Low plasma basic fibroblast growth factor is associated with laser photocoagulation treatment in adult type 2 diabetes mellitus from the Veterans Affairs Diabetes Trial

Mark B. Zimering, Robert J. Anderson, Thomas E. Moritz, Ling Ge

Research output: Contribution to journalArticle

8 Citations (Scopus)

Abstract

Basic fibroblast growth factor (bFGF) is a potent endothelial cell mitogen that does not normally circulate. Yet plasma bFGF-like bioactivity was increased in association with persistent microalbuminuria and retinopathy in adult type 2 diabetes mellitus. In the present study, we tested whether plasma bFGF immunoreactivity (IR) could predict the need for laser treatment of diabetic retinopathy in a baseline subset of advanced type 2 diabetes mellitus from the Veterans Affairs Diabetes Trial (mean: age, 59 years; diabetes duration, 11 years; baseline glycosylated hemoglobin, 9.5%). Plasma bFGF-IR was determined with a sensitive and specific 2-site enzyme-linked immunoassay in 172 patients at the baseline visit. Results were dichotomized at 4.5 pg/mL, the upper limit in healthy men. There was an unexpected significant association between low baseline plasma bFGF-IR level and the interim (4 years) need for laser treatment. First laser treatment was significantly more likely to be required in patients with low compared with high baseline bFGF (19% vs 6%, P = .03 for the difference). After adjusting for clinical risk factors, low vs high bFGF (hazard ratio [HR], 5.01; P = .012), duration of diabetes (HR, 1.05; P = .050), and low-density lipoprotein cholesterol concentration (HR, 0.98; P = .027) were all significantly associated with time to first laser occurrence. These and our prior results suggest that low plasma bFGF-IR may be a marker for the presence of anti-endothelial cell autoantibodies that may contribute to the need for laser photocoagulation treatment in adult men with advanced type 2 diabetes mellitus.

Original languageEnglish
Pages (from-to)393-400
Number of pages8
JournalMetabolism: Clinical and Experimental
Volume58
Issue number3
DOIs
StatePublished - Mar 2009
Externally publishedYes

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Light Coagulation
Veterans
Fibroblast Growth Factor 2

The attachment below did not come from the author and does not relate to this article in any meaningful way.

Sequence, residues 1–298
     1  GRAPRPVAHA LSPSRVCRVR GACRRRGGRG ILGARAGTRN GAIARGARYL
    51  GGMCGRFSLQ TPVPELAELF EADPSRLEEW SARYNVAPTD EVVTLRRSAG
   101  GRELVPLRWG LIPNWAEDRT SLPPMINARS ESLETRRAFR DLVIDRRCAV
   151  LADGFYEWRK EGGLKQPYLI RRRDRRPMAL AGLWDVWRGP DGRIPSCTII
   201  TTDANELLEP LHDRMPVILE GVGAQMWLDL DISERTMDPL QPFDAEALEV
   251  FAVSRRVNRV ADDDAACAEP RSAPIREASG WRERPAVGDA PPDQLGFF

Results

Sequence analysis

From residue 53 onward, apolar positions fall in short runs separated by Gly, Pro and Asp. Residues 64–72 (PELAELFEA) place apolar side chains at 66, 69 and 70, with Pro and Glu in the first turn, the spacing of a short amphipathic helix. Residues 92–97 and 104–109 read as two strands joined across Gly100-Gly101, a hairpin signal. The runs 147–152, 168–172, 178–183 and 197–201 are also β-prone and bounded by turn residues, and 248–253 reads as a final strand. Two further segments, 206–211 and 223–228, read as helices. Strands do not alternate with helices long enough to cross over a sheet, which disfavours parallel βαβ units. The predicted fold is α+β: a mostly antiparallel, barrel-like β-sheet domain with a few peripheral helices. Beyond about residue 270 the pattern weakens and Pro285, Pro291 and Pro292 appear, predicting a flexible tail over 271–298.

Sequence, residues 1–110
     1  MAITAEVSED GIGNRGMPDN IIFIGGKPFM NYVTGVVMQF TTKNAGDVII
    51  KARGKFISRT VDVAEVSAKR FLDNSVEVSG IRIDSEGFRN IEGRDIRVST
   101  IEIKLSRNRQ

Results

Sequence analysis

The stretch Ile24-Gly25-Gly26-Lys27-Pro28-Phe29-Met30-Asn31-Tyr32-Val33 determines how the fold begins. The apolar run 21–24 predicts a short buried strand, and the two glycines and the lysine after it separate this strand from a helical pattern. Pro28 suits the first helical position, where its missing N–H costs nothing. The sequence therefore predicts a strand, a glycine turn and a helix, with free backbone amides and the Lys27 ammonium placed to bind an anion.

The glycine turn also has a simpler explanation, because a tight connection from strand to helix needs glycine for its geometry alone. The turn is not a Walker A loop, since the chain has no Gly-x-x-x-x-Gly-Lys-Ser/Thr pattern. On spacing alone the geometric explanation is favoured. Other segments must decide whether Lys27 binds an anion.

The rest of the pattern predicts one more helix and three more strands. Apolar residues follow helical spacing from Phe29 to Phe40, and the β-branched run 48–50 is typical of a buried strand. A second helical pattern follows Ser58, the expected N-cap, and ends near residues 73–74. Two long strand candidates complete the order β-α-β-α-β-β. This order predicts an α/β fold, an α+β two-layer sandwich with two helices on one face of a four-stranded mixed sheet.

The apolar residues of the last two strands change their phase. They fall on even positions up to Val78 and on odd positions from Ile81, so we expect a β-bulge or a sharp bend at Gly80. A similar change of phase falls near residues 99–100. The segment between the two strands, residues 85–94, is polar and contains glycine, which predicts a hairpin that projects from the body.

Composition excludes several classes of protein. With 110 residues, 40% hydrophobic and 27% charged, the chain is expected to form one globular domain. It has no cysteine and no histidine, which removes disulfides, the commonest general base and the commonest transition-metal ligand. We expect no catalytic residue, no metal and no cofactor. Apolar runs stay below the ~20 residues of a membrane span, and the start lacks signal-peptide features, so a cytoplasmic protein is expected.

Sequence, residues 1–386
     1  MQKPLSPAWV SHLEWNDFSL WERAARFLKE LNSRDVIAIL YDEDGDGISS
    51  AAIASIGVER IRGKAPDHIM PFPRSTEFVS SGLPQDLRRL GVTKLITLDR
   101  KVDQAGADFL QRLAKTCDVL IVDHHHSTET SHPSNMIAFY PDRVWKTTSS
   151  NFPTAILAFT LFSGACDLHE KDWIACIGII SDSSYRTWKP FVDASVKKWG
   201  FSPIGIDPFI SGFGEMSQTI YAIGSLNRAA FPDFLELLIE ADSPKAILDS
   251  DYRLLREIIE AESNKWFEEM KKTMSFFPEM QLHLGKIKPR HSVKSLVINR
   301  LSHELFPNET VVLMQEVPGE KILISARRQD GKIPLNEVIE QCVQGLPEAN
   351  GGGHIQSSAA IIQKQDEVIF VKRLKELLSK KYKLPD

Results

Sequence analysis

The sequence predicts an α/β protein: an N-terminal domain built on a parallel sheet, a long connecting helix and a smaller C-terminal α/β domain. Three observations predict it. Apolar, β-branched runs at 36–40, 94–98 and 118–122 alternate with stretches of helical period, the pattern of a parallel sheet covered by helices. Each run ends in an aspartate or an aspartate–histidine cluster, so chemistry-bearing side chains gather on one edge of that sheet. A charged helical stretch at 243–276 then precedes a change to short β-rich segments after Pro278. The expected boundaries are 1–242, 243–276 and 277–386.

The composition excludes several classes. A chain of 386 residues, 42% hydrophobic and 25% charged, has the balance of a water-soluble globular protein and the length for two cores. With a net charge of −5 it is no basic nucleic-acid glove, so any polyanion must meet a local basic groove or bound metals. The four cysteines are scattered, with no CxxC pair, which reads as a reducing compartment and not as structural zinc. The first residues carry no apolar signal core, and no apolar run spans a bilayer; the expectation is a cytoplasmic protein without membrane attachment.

Type 2 Diabetes Mellitus
Lasers
Therapeutics
Endothelial Cells
Glycosylated Hemoglobin A
Diabetic Retinopathy
Immunoenzyme Techniques
Mitogens
Autoantibodies
LDL Cholesterol

All Science Journal Classification (ASJC) codes

  • Endocrinology
  • Endocrinology, Diabetes and Metabolism

Cite this

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title = "Low plasma basic fibroblast growth factor is associated with laser photocoagulation treatment in adult type 2 diabetes mellitus from the Veterans Affairs Diabetes Trial",
abstract = "Basic fibroblast growth factor (bFGF) is a potent endothelial cell mitogen that does not normally circulate. Yet plasma bFGF-like bioactivity was increased in association with persistent microalbuminuria and retinopathy in adult type 2 diabetes mellitus. In the present study, we tested whether plasma bFGF immunoreactivity (IR) could predict the need for laser treatment of diabetic retinopathy in a baseline subset of advanced type 2 diabetes mellitus from the Veterans Affairs Diabetes Trial (mean: age, 59 years; diabetes duration, 11 years; baseline glycosylated hemoglobin, 9.5{\%}). Plasma bFGF-IR was determined with a sensitive and specific 2-site enzyme-linked immunoassay in 172 patients at the baseline visit. Results were dichotomized at 4.5 pg/mL, the upper limit in healthy men. There was an unexpected significant association between low baseline plasma bFGF-IR level and the interim (4 years) need for laser treatment. First laser treatment was significantly more likely to be required in patients with low compared with high baseline bFGF (19{\%} vs 6{\%}, P = .03 for the difference). After adjusting for clinical risk factors, low vs high bFGF (hazard ratio [HR], 5.01; P = .012), duration of diabetes (HR, 1.05; P = .050), and low-density lipoprotein cholesterol concentration (HR, 0.98; P = .027) were all significantly associated with time to first laser occurrence. These and our prior results suggest that low plasma bFGF-IR may be a marker for the presence of anti-endothelial cell autoantibodies that may contribute to the need for laser photocoagulation treatment in adult men with advanced type 2 diabetes mellitus.",
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